Gov. Phil Murphy and New York City Mayor Bill de Blasio have marched in lock-step during the COVID-19 pandemic, whether in regards to mask mandates or interstate travel or remote instruction.
But there’s a new rupture in their mind-meld over how to best mitigate disease transmission. This split is not epidemiological but political.
Remember, in March both Murphy and de Blasio announced that there would be no remote option for pre-K-12 schools in September, decisions that have equal impact: NYC has 1.1 million students, only slightly less than New Jersey’s 1.3 million students.
We are declaring that all students will be back in school for full-time, in-person instruction come the start of the 2021-2022 school year. Next year parents will not be enabled to broad scale opt their child out of in-person instruction as was allowed this school year.
Here’s de Blasio:
One million kids will be back in their classroom in September — all in person, no remote. COVID is plummeting in this city I’m happy to say … it’s just amazing, to see the forward motion right now [and] the recovery that’s happening in NYC.But you can’t have a full recovery without full-strength schools: Everyone back, sitting in those classrooms, kids learning again.
And then came the Delta variant.
On Friday the NY Post reported that the city Department of Education is considering a remote schooling option for kids with immunocompromised relatives. This shifts de Blasio’s “full-strength schools” to something below that high bar. After all, “immunocompromised” is a sweeping category, covering everything from cancer to asthma.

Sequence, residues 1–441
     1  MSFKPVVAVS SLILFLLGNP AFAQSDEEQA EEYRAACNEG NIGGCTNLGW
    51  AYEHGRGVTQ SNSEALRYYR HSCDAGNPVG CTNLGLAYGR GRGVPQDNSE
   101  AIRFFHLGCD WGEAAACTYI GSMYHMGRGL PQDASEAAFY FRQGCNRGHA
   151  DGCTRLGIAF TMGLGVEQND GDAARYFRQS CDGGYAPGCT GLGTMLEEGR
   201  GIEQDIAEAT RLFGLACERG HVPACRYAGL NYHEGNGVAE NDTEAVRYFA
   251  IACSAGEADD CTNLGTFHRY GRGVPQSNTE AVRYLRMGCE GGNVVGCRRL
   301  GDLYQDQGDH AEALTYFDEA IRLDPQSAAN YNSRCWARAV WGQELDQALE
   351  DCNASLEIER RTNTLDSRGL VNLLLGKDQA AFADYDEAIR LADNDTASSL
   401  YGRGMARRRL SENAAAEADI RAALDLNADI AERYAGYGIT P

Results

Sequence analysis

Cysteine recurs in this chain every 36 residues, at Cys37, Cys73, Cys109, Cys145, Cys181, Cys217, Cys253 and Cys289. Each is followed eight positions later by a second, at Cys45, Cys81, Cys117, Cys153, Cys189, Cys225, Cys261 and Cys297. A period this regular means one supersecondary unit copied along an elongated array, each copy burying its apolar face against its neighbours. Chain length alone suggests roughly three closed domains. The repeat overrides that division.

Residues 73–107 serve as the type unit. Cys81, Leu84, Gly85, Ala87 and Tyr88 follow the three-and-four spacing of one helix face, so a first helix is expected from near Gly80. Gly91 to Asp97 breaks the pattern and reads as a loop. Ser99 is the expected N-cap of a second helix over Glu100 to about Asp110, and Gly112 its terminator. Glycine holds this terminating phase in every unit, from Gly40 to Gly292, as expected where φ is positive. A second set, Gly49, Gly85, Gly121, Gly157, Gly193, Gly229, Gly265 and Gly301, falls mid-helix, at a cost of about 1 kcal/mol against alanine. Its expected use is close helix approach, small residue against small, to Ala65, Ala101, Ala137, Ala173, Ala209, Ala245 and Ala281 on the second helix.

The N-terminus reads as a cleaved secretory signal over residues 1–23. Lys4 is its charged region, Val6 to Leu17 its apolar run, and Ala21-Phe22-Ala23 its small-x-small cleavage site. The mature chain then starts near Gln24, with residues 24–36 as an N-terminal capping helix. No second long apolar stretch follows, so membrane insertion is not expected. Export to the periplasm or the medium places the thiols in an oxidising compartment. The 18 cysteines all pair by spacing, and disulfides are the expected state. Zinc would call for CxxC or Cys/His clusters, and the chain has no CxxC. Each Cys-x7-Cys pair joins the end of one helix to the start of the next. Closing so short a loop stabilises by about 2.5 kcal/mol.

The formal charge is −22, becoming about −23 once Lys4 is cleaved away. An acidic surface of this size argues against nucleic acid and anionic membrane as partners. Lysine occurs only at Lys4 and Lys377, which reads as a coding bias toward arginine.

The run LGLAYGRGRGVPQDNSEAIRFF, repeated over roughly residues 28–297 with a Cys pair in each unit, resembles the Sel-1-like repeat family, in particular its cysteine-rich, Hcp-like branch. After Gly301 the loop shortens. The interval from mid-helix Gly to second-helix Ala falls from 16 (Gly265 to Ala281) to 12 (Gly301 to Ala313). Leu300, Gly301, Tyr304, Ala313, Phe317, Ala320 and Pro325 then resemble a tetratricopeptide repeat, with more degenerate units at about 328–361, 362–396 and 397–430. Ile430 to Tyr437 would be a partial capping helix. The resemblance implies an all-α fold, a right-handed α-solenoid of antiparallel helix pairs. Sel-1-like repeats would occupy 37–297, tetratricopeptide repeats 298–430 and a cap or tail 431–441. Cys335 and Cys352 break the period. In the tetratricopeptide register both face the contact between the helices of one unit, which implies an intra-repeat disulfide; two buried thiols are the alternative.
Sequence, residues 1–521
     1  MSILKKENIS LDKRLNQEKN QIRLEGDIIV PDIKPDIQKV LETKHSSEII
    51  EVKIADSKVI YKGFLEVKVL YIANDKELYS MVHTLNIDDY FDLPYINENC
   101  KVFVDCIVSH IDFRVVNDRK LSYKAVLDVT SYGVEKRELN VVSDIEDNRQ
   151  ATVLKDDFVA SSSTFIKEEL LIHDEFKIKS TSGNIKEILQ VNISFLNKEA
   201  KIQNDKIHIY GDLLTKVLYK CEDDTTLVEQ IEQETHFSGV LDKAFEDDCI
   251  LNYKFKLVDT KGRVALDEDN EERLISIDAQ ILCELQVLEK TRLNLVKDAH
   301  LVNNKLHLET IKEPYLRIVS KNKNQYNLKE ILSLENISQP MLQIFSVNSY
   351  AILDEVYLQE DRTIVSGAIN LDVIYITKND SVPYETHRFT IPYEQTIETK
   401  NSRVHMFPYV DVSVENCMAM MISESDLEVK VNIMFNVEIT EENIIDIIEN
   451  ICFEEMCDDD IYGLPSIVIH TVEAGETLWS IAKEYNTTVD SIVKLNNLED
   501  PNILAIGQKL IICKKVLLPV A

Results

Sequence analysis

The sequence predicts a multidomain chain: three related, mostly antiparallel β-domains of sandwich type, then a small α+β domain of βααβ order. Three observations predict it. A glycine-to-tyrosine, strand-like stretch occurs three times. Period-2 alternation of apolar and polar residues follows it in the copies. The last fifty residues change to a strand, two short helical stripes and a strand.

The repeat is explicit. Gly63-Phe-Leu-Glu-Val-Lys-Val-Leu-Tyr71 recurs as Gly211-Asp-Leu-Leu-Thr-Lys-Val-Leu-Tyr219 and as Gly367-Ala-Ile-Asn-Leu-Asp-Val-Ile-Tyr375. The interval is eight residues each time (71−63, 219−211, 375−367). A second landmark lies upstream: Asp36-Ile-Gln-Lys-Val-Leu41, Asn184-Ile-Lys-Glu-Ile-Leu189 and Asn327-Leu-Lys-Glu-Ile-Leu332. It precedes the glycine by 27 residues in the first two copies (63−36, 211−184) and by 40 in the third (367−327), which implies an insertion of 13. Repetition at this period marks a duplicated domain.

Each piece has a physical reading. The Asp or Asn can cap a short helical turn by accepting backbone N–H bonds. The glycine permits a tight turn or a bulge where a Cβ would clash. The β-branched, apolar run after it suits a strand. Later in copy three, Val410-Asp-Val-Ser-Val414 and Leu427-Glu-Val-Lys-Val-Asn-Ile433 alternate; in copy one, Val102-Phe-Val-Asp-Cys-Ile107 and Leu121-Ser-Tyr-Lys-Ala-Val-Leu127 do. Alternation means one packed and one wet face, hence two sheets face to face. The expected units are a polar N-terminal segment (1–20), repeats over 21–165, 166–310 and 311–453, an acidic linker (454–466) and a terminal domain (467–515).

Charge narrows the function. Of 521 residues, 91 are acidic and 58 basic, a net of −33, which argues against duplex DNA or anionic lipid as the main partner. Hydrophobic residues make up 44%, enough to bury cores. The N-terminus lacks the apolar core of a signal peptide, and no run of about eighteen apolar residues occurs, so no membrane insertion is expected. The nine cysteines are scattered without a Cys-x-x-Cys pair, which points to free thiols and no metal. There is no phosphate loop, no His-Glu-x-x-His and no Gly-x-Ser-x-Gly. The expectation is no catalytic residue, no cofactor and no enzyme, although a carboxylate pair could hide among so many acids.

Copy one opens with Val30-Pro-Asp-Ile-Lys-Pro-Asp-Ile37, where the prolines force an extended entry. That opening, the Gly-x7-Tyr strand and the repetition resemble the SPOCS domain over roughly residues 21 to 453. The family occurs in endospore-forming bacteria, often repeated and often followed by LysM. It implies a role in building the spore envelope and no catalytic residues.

Murphy has said nothing.
Question: Why can de Blasio back off the “no remote option” to something more nuanced that accounts for the rapid spread of the Delta variant? And why isn’t Murphy following suit even as he announced a new mandate yesterday that staff members in health care, elder services, disability services, and corrections will have to either be vaccinated or submit to Covid testing as often as twice a week and last week “strongly recommended” mask-wearing in schools?
Answer: De Blasio’s second term is up in January and then he’s done. Murphy wants to win re-election in November and become the first New Jersey Democratic governor to win a second term since Brendan Byrne in 1978. (Plus, word on the street is Murphy’s political ambitions are national, not limited to the top seat in the Garden State. Of course, that was once true for de Blasio too.)
Charles Stile says that Murphy’s ground game on November 2nd relies on teachers, government workers, firefighters, all from public employee unions. Ordering them all to get vaccinated or get tested every week “puts Murphy in a sensitive position with this loyalist bloc…the ranks and file is far from monolithic when it comes to vaccines [but] some union members believe the requirement should be formally negotiated, including overtime for testing.”
And there’s this: early in July at the National Education Association’s Delegate Assembly (NJEA is a branch of NEA), delegates voted down a measure that would have supported a mandate for all students and school staff to be vaccinated.